Monroe High School is moving down from Class 4A to Class 3A for the next four-year statewide classification cycle, which begins next fall.
Monroe’s athletic teams have long competed at the 4A level, but the school’s average enrollment for grades 9-11 dropped well into the 3A range for the upcoming Washington Interscholastic Activities Association reclassification, according to Monroe High School athletic director Jeannette Siemers.
Schools can opt up to a higher classification, but the Monroe School District announced Wednesday that its Board of Directors decided to forgo that option. Schools choosing to opt up must do so for all of their athletic teams and activities.
The deadline for schools to submit their opt-up declarations is Friday. The WIAA will finalize the state’s classifications for the 2020-24 cycle on Jan. 26.
“There was conversation about opting up to 4A,” Siemers said. “We were monitoring really closely what was going on statewide and with Wesco. … With as much information as possible, the board made a decision to align with our numbers.”
A school’s classification is determined by its average enrollment numbers for grades 9-11. In an amendment passed last January, the WIAA instituted hard-line cutoff numbers for the next classification cycle instead of the previous system that split the state’s member schools evenly among the six classifications. In another amendment passed last January, schools can now receive an enrollment drop based on reduced-lunch rates relative to the state average.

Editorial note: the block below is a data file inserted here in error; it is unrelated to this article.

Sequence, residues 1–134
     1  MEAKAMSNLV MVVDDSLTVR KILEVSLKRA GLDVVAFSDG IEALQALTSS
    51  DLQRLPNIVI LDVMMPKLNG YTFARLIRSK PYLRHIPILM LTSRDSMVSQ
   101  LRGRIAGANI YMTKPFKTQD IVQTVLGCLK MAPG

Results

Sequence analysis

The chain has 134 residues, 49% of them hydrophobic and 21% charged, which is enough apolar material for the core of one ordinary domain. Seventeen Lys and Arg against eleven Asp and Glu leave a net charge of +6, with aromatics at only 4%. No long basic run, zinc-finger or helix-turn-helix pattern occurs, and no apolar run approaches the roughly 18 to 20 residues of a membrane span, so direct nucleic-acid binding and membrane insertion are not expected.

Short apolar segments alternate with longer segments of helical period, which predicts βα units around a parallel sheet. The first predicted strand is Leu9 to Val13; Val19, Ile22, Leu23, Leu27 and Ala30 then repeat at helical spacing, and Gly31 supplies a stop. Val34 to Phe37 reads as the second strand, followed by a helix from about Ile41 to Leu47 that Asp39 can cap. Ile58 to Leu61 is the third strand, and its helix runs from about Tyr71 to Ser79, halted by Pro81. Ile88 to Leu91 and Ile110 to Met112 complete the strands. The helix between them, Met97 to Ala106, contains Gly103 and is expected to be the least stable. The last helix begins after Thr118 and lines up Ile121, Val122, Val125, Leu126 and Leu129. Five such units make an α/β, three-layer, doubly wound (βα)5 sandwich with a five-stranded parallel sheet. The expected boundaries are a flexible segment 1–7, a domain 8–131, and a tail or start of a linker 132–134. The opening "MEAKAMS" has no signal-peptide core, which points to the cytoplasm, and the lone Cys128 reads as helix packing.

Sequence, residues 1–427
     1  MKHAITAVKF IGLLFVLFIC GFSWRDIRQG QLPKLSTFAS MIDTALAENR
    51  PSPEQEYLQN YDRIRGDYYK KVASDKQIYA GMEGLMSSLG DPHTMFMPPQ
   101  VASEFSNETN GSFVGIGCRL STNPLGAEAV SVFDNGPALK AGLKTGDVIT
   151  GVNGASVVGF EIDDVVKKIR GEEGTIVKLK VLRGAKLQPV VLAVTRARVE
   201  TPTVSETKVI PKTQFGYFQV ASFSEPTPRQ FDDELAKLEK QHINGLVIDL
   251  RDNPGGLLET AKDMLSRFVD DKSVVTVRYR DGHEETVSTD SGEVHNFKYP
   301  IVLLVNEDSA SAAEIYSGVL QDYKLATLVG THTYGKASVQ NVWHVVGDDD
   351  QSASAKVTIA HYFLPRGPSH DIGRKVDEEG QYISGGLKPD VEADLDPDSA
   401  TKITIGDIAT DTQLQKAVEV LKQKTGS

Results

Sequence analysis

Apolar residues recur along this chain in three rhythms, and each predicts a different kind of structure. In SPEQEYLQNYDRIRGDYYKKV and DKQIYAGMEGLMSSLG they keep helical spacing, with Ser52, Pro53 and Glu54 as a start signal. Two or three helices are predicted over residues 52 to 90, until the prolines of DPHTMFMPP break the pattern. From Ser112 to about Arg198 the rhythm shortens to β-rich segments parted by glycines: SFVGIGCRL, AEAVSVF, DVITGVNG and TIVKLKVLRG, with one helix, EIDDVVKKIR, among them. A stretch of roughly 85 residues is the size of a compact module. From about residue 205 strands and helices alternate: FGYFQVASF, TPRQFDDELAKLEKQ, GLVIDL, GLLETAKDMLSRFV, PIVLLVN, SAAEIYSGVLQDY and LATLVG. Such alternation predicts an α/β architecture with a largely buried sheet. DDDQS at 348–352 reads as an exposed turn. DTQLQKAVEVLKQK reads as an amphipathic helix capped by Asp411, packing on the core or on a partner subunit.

Under the new system, schools with average enrollment numbers of 1,300 or more are considered 4A schools. The 3A range is from 900 to 1,299 students. According to Siemers, Monroe’s average enrollment number is 1,177.
“We also projected out what our potential enrollment would be moving forward,” Siemers said. “So I looked closely at our upcoming classes … and there wasn’t a huge difference.”
Monroe School District officials said they considered input from high school administration, coaches, players and community members, including results from a community-wide survey that was conducted in November.
Siemers also said they did their best to monitor the plans of other Wesco schools that could be affected by reclassification, but acknowledged that was a challenging endeavor. She said the possibility of other Wesco 4A schools moving down a classification factored into the decision.
“It was kind of like playing a really high-stakes poker game, but everyone held their cards really close,” Siemers said. “… (We) definitely took into context and consideration anything and every piece of information we could.”
Monroe is currently one of eight Wesco 4A schools. The other seven are Cascade, Glacier Peak, Jackson, Kamiak, Lake Stevens, Mariner and Mount Vernon.
There are currently 12 Wesco schools in the 3A classification: Arlington, Edmonds-Woodway, Everett, Lynnwood, Marysville Getchell, Marysville Pilchuck, Meadowdale, Oak Harbor, Shorecrest, Shorewood, Snohomish and Stanwood.
For most sports, Wesco has a multi-classification 3A/2A league consisting of 15 schools: the 12 aforementioned 3A schools, plus 2A schools Archbishop Murphy, Cedarcrest and Mountlake Terrace. For some sports, Wesco 3A/2A is split into separate North and South leagues.
According to Siemers, Wesco will meet to determine changes in league alignments after the statewide reclassification is finalized.